Whenever my kids come home from school with a story about someone being mean to them my natural instincts are to leap into action, find this child, take them to their parents and make sure it never, ever happens again. But, then my reason kicks in, and I have to remind myself that the offending child was acting out of one of the two emotions that control most of our negative and positive behavior toward each other, fear and love.
When you come right down to it, every other action is truly a reaction to whether they are feeling fear or love at that moment. In the case of the child saying mean things to another child, that reaction, the mean words, is from fear. Whether it be fear of losing their status with their friends, fear of the other child taking some of their popularity, or perhaps one of their friends. They may simply be afraid that if they don't put other children down they may not be looked up to. When a child is talented or capable in a specific area that the other child is not, that can create a fear that they will be compared unfavorably to the more capable child. The feeling becomes threatening to them and they react out of fear by lashing out.
The alternative is true when positive reactions occur. These are a reaction to the love felt for the other person. That is evident in friendships where one friend supports the other regardless of whether it is reciprocated. I've seen people who are encouraging a friend as they reach for a goal, and never does that friend thank them or acknowledge what they've done. It is taken largely for granted. Why then does that person continue to support that friend? Because they love them.
In my work as a 911 dispatcher I often hear the frustration in other dispatchers after taking a nasty domestic violence call where the husband was arrested for beating his wife, just to take another call from the wife asking how she can bail her husband out of jail. It flies in the face of reason that she would want to take him back. In those cases it is not out of love as much as it is out of fear. She knows well that when he does get out of jail if he believes she is somehow responsible for the arrest he will probably take it out on her. If she bails him out of jail she is showing him, in her mind, that it was not her fault and that this is proof that she loves him. She also is often afraid that without him she will not survive, which is what most domestic violence suspects convince their victims of. Either they threaten to take everything away from the wife that she loves, or that they will take her financial security from her. The threat of losing their children or being alone is very real, and so they convince themselves that this is love on their part when truly it is fear. The husband convinces them that they only provide that security out of love, or that the wife should feel grateful that he sacrifices to provide for them. His motivation is also fear. Most often fear of abandonment whether real or imagined. He holds violently onto her out of fear of what may happen if he doesn't.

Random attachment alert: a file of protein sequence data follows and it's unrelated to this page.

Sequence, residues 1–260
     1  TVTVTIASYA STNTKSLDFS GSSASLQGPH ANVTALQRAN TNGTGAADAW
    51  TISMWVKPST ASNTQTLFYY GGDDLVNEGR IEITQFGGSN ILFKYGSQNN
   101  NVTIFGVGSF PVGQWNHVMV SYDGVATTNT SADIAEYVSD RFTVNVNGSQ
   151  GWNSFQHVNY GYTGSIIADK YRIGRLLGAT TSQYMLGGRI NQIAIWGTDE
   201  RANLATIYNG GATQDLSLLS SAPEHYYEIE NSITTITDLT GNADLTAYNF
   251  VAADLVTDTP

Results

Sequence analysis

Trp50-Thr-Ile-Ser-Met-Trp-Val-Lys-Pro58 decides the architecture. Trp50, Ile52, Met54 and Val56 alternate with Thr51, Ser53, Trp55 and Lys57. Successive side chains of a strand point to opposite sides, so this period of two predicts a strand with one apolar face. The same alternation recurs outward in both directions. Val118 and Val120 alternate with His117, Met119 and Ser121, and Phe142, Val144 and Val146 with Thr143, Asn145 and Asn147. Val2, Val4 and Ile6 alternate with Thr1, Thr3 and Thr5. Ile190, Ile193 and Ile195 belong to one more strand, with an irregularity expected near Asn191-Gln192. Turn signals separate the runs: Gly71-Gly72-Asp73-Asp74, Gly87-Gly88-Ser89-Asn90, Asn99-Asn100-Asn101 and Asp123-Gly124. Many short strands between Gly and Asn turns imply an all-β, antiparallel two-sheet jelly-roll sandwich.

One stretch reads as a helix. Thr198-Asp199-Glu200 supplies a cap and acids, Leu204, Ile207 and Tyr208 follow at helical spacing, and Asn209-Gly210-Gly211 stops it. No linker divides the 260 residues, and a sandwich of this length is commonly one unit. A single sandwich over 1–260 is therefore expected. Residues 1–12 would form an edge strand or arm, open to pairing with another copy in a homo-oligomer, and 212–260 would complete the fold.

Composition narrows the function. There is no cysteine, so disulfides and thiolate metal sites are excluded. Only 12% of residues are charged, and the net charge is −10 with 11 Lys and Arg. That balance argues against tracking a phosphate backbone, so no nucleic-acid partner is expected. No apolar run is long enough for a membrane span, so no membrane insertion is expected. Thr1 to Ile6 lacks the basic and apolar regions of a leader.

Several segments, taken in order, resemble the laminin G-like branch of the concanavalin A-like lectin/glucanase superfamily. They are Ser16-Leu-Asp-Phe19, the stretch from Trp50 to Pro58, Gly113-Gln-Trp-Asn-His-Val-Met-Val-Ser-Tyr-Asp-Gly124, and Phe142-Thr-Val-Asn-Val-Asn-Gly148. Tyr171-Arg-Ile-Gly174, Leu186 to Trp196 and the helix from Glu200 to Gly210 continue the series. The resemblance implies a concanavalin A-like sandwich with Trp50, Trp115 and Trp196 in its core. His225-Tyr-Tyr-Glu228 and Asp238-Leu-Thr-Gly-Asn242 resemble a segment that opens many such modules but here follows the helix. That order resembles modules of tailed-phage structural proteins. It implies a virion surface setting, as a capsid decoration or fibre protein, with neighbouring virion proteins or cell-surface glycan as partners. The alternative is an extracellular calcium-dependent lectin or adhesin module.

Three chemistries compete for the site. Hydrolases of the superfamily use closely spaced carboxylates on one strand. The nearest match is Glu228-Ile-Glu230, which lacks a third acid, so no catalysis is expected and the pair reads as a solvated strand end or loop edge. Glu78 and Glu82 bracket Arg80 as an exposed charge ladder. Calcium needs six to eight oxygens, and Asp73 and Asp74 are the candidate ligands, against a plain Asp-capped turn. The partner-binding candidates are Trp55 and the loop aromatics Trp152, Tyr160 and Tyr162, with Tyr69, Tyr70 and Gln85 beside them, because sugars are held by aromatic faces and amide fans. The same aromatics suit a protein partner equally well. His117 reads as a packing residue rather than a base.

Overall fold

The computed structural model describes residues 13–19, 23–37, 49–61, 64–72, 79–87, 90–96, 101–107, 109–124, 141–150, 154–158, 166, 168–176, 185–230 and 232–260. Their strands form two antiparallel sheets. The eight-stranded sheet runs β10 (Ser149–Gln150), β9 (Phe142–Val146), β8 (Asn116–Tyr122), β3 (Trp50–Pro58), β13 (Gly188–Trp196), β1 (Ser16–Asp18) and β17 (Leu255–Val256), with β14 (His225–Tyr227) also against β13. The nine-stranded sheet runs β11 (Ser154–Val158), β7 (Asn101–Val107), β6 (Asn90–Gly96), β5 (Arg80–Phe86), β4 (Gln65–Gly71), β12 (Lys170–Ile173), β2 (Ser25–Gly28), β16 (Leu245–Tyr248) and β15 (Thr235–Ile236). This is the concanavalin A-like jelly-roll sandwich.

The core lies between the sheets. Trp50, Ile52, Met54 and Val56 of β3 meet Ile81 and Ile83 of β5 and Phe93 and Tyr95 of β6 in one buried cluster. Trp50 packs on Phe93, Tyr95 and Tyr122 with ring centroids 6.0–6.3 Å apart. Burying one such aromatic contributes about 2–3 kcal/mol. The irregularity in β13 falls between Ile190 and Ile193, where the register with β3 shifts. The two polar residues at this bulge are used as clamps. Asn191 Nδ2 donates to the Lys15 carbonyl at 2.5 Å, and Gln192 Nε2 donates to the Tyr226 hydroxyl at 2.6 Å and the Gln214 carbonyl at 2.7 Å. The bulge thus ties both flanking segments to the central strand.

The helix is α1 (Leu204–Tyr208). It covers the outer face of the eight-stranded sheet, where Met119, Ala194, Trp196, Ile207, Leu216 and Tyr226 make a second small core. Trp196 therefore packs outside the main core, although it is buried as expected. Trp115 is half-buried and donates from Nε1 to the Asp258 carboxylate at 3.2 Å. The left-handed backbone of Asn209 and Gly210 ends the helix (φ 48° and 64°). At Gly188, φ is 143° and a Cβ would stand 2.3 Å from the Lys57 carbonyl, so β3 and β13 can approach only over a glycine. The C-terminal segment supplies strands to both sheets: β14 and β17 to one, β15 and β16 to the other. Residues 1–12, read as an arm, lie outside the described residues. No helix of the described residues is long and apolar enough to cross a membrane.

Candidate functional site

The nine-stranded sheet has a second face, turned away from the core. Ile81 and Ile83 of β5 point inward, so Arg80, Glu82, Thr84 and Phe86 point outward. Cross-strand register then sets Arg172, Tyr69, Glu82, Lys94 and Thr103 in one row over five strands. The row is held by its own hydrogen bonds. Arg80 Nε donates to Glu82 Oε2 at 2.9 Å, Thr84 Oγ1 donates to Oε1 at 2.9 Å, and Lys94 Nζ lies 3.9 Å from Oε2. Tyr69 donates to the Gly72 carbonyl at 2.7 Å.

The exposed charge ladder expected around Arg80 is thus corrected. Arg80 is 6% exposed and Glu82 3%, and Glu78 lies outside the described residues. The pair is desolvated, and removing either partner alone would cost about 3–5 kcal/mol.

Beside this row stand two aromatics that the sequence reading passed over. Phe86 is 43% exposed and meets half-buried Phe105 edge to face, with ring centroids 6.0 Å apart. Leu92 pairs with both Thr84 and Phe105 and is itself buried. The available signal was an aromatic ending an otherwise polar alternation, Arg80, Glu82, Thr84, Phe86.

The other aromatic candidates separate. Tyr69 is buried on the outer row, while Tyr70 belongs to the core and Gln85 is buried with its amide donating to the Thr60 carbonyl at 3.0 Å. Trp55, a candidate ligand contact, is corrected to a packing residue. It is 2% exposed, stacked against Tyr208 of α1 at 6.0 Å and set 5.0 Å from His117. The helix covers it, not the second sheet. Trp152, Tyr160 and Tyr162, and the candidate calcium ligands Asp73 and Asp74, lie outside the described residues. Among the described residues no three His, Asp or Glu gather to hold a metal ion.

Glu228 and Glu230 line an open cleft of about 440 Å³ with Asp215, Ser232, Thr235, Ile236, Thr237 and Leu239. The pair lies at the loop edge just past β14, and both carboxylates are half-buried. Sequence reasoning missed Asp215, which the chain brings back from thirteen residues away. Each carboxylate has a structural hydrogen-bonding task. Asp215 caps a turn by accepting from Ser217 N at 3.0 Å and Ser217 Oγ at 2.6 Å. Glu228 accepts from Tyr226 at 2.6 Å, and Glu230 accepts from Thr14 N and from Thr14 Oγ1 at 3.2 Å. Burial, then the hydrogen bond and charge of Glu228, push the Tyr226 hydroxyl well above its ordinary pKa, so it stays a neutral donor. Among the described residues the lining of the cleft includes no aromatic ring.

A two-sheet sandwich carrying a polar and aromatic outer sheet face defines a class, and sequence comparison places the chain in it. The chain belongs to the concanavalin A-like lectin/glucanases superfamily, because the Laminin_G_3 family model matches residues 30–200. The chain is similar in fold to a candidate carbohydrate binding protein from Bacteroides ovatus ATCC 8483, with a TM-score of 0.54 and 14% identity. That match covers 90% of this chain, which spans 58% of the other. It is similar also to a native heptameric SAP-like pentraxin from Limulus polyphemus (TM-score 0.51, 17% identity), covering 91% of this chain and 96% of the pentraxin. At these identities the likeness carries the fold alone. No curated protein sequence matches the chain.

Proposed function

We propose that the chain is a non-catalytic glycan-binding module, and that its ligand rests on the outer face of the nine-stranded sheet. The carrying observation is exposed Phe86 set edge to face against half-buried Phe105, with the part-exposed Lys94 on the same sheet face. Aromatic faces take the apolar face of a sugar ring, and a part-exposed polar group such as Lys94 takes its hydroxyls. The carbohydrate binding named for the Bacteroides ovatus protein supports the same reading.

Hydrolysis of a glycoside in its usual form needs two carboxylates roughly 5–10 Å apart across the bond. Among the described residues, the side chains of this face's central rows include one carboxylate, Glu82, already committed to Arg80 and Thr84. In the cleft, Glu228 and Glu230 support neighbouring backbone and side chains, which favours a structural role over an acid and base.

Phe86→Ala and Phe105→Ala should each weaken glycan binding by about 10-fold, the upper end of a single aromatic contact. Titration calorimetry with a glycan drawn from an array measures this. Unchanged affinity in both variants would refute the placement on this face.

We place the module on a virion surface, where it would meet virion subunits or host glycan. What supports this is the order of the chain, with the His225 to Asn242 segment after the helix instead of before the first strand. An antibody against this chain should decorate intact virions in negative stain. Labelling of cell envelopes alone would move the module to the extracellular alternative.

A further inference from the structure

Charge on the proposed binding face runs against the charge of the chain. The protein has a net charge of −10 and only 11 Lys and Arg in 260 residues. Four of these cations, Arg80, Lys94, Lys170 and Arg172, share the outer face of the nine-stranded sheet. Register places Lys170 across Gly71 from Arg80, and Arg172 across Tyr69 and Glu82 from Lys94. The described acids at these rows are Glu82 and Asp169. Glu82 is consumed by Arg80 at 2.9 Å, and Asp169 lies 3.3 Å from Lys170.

None of this makes behavior that is violent or threatening right. It just explains the motivation behind the anger. Sadly, the other emotion, love, can also create a sympathy in the wife for the husband that urges her to forgive him. It's a terrible circle, and difficult to walk away from if you are caught in it.
So, when I think of that child that called my child names or said mean things I have to wonder aloud with my child what it could be that this other child is afraid of. When you explain this to a child it is incredibly empowering because now they don't see that other child as having power over them, they see them as one who deserves their sympathy. Whether they show sympathy or not is not really important. What matters is how they feel about themselves.
Our youngest son is preparing to leave the nest in a month, and some of the skills I am making certain he has securely in his arsenal are basic life skills. We were sitting next to each other in church last Sunday and he leaned into me and whispered, Look. He was pointing at the sleeve of his suit jacket, where clearly the third of the four buttons on the cuff was broken. It was the same on the other sleeve. How he managed to break the third button on each of the cuffs isn't clear, but, I wanted to make sure he didn't think I was going to be fixing it for him.
I whispered back that he could just remove each of the broken buttons and either replace them or simply move each fourth button into the third buttons place and leave it at that. So now he is faced with a dilemma. How does he find matching buttons for his jacket? Ah, a new skill to teach him, a bit of lesser known information to pass along.